Please use this identifier to cite or link to this item: https://www.um.edu.mt/library/oar/handle/123456789/58520
Title: Placental abruption and placenta praevia
Authors: Calleja-Agius, Jean
Custo, Romina
Brincat, Mark P.
Calleja, Neville
Keywords: Pregnancy -- Complications
Placenta praevia
Placenta -- Diseases
Issue Date: 2006
Publisher: Springer UK
Citation: Calleja-Agius, J., Custo, R., Brincat, M. P., & Calleja, N. (2006). Placental abruption and placenta praevia. European Clinics in Obstetrics and Gynaecology, 2, 121-127.
Abstract: Antepartum haemorrhage is defined as bleeding from the genital tract from 24 weeks of gestation onwards. The incidence is around 2–5% of all pregnancies progressing beyond 24 weeks. Placenta praevia and placental abruption are of great clinical importance as causes of antepartum haemorrhage. Placenta praevia occurs when the placenta is totally or partly inserted in the lower uterine segment. The aetiology of placenta praevia may merely represent an accident of nature but is associated with advanced maternal age, multiparity and previous uterine damage such as in a previous caesarean section. Usually, the initial bleed is painless and mild, but it may be severe. Screening and diagnosis are normally by ultrasound. A dilemma exists as to whether hospitalisation should be offered to women with an asymptomatic placenta praevia. Caesarean section is the recommended mode of delivery for major placenta praevia. Haemorrhage arising from premature separation of a normally situated placenta is known as abruptio placentae. Risk factors include placental abruption in a previous pregnancy, pre-eclampsia, cigarette smoking, and trauma. The patient typically develops pain over the uterus, and this may not be associated with apparent bleeding at first. The diagnosis is mainly clinical and confirmed by the demonstration of a retroplacental clot after delivery. In the obvious case of abruption, early delivery is of crucial importance. If the baby is still alive and the gestation compatible with survival upon delivery, it is recommended that urgent caesarean section should be performed. However, if the fetus is dead, one should expedite vaginal delivery. Complications of antepartum haemorrhage include maternal shock, especially due to the increased risk of postpartum bleeding. There is a greater risk of premature delivery, fetal hypoxia and sudden fetal death.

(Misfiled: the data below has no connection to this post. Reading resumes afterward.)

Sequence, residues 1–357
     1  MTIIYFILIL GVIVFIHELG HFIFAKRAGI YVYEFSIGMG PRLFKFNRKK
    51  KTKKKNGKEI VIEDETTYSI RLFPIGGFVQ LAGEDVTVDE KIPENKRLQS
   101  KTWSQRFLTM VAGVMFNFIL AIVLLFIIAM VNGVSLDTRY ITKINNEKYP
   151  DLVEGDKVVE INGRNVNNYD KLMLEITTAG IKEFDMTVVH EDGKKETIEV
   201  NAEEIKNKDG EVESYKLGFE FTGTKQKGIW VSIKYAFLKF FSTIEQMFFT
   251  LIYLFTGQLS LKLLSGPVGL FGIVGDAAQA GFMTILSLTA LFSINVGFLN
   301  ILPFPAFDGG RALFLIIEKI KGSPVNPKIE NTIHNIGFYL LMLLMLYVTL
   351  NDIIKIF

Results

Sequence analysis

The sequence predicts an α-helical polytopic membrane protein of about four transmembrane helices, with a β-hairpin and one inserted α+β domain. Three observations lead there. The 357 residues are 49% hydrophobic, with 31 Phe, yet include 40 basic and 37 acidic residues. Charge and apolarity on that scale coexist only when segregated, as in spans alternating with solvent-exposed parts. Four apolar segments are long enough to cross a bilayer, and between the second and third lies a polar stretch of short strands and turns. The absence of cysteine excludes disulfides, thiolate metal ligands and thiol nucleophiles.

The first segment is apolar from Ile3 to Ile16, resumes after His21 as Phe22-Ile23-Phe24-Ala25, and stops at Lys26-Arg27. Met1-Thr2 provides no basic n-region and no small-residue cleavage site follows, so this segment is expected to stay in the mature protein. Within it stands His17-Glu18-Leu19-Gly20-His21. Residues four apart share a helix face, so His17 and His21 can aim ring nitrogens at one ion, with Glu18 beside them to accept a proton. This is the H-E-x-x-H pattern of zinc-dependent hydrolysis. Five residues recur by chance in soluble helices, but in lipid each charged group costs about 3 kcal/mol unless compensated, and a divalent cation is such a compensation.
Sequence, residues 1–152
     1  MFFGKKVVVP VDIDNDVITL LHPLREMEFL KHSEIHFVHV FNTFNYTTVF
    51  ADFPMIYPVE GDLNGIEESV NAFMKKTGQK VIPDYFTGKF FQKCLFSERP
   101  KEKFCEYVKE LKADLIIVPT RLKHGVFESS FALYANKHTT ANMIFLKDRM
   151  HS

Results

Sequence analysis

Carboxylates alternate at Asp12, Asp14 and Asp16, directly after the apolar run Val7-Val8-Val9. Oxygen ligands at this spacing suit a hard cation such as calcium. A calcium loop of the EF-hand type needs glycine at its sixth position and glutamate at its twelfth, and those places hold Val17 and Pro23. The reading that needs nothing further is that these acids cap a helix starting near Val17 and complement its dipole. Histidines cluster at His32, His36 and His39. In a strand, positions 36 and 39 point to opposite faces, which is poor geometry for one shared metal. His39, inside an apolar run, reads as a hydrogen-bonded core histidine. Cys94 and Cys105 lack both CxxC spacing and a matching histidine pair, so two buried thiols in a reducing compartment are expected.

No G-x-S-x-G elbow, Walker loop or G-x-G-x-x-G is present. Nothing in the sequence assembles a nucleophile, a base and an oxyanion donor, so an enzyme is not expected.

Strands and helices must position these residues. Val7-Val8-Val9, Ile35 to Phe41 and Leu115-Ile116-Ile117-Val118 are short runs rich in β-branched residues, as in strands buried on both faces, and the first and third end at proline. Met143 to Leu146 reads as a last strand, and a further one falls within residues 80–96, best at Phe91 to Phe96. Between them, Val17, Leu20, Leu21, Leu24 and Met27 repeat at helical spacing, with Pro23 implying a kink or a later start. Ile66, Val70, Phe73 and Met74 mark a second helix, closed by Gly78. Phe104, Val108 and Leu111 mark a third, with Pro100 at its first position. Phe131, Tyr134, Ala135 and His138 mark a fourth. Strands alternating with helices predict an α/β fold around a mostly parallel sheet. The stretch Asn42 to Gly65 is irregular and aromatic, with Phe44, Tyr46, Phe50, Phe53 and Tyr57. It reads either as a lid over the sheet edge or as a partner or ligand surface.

URI: https://www.um.edu.mt/library/oar/handle/123456789/58520
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